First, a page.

Woodland Preservation Initiative

Proponents of an initiative to limit development in woodlands and watersheds submitted petitions to get the measure on the June ballot to the Election Office on Friday morning. Co-author of the initiative Jim Wilson, right, hands over boxes of signed petitions to Registrar of Voters John Tuteur, center, and Jennie Keener, assessment records assistant.

J.L. Sousa, Register

Proponents for a proposed oak woodland and watershed protection measure are hoping that the second time is the charm.

On Friday morning, they turned in more than 7,000 signatures to the county Election Division on a petition to qualify the measure for the June 5 ballot. They need about 3,800 to be from registered, local voters to succeed.

It seems like a slam dunk. And yet …

Last year, proponents collected enough valid signatures, only to have the measure disqualified on a technicality. County officials said the initiative referenced a county policy appendix, so signature gatherers should have carried that document with them in case potential signers wanted to read it.

That’s one bit of déjà vu that measure co-author Mike Hackett wants to avoid this time around. He noted that the new version doesn’t reference that county appendix on voluntary oak preservation practices.

“I’m optimistic,” he said with a smile as he, co-author Jim Wilson and other supporters submitted three cardboard boxes packed with signature forms.

Registrar of Voters John Tuteur will now examine the petitions to make certain enough signatures are valid. If he determines this is so, he will forward the measure to the county Board of Supervisors to place on the June 5 ballot.

Then an election battle will likely ensue between initiative supporters and opponents that include some segments of the wine industry.

Among other things, the measure would set a 795-acre limit of additional oak woodlands to be removed in the agricultural watershed. Once the limit is reached, property owners would in most cases have to obtain a county permit to cut down oak woodlands.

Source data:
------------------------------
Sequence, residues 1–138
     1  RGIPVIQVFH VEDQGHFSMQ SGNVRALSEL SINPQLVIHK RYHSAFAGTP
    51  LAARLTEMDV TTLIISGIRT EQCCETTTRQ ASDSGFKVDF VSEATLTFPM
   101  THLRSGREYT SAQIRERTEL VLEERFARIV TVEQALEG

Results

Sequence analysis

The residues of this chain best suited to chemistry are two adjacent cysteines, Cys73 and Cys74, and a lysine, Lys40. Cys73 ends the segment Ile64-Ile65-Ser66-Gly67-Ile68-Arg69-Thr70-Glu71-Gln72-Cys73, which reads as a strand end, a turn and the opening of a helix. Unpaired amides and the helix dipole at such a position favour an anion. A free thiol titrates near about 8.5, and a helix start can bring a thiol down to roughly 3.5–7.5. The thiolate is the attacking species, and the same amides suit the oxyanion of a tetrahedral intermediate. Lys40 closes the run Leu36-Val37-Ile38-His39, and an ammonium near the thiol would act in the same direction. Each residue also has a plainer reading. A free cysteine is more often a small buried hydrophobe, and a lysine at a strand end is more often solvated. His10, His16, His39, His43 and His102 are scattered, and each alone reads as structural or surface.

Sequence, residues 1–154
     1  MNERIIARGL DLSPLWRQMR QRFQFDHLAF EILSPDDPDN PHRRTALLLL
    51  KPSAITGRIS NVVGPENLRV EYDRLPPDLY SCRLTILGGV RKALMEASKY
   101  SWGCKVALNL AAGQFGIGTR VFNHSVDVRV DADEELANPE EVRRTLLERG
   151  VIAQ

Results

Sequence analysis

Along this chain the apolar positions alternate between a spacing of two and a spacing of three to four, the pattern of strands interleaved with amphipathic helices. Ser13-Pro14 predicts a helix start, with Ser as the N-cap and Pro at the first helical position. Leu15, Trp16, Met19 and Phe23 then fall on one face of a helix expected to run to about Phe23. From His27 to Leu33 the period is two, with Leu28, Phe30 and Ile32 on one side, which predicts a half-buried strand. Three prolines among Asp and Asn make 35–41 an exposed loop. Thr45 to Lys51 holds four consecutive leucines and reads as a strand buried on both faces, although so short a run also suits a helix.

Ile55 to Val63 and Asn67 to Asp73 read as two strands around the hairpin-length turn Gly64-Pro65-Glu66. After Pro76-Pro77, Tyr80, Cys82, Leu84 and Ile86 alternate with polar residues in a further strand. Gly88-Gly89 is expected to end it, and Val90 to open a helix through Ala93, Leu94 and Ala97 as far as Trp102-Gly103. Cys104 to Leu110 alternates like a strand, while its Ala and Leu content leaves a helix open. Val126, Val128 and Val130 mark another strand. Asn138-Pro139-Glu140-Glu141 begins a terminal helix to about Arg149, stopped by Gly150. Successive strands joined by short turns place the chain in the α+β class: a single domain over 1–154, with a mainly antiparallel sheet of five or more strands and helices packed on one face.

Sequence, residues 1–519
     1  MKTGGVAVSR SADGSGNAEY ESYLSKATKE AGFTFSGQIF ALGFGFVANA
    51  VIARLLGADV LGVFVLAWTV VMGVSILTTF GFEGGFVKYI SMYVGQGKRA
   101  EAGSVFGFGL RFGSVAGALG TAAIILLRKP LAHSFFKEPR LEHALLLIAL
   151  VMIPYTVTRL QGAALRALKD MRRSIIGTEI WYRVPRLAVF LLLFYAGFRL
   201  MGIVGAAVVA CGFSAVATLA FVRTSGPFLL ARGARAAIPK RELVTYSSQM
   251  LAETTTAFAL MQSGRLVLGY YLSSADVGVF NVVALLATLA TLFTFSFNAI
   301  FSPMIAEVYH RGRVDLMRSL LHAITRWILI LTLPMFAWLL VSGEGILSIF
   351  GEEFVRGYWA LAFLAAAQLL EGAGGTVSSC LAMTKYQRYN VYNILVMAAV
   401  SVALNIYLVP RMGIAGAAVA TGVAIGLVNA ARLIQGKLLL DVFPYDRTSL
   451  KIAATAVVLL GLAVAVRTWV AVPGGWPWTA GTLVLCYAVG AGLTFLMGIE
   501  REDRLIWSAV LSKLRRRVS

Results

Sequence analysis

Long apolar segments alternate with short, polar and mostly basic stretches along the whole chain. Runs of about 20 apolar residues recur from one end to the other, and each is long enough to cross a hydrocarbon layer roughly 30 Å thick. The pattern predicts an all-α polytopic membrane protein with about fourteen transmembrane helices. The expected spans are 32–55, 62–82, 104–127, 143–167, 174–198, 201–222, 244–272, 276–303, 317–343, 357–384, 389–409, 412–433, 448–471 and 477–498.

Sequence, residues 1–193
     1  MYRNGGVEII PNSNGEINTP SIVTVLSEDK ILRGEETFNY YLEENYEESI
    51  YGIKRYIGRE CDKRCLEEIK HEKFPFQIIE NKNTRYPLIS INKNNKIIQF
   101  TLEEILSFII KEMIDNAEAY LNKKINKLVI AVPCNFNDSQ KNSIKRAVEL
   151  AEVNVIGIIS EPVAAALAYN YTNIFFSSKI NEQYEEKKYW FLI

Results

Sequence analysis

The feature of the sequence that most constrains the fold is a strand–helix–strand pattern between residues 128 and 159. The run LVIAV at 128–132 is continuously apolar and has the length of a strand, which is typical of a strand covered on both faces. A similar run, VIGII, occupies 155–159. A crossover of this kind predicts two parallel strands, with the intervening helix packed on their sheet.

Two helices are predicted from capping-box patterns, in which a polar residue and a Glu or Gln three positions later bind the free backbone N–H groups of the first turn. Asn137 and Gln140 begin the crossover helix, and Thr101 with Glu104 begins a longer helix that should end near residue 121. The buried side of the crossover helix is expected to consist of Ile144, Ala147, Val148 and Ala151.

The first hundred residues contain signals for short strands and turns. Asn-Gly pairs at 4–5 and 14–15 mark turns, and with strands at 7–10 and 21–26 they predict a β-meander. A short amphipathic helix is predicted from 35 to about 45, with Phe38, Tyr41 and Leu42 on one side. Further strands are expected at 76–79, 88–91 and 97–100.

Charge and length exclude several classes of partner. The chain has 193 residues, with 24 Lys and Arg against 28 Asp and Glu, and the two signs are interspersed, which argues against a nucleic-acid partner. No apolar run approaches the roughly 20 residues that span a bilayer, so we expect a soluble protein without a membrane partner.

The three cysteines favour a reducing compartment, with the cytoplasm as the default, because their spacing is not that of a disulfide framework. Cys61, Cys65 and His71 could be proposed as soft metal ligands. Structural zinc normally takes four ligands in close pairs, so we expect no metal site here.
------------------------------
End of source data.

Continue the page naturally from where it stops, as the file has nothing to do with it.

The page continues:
The county could issue the permit only in certain circumstances. Cutting down oak woodlands to make way for new vineyards is not among them.

In addition, the measure would require property owners to replace the lost oaks by a 3-1 ratio, instead of today’s 2-1 ratio. It would strengthen setbacks for development near streams in the agricultural watershed zoning area.

Hackett said assuring a good future for generations to come means retaining an ecological balance.

Napa Valley Grapegrowers recently joined Napa County Farm Bureau and Winegrowers of Napa County in opposing the measure. Napa Valley Vintners helped craft the measure, but later withdrew its support and has announced no further position.

The measure would effectively ban vineyard planting in the agricultural watershed, a Napa Valley Grapegrowers press release said. Enough proposed vineyards are presently in the pipeline to likely trip the 795-acre limit immediately, it said.

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“Ag land in viable production is Napa County’s best case against encroaching development,” the press release said.

The Grapegrowers also said the measure’s focus on oaks would hurt other native tree species, such as madrones. That’s because property owners wanting to plant hillside vineyards could seek sites without oaks.

Hackett disagreed with the Grapegrowers’ conclusion that new hillside vineyard development would be immediately curtailed.

He noted that oak woodland removal approved before Sept. 1, 2017 wouldn’t be counted against the 795-acre total. He believes another 6,000 acres of vineyards can be developed, in part because not all of the watershed land has oak woodlands.

The wine industry in the long run might embrace the measure’s requirements, just as it has embraced the county’s agricultural preserve laws, Hackett said.

“This won’t hurt them,” he said. “It will only help them.”

But at this point, the Water, Forest and Oak Woodland Protection Initiative of 2018 is controversial. If it qualifies for the ballot, voters will likely witness a lively debate.

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Napa County Reporter

Barry Eberling covers Napa County government, transportation, the environment and general assignments. He was worked for the Napa Valley Register since fall 2014 and previously worked 27 years for the Daily Republic of Fairfield. He is a graduate of UC Sa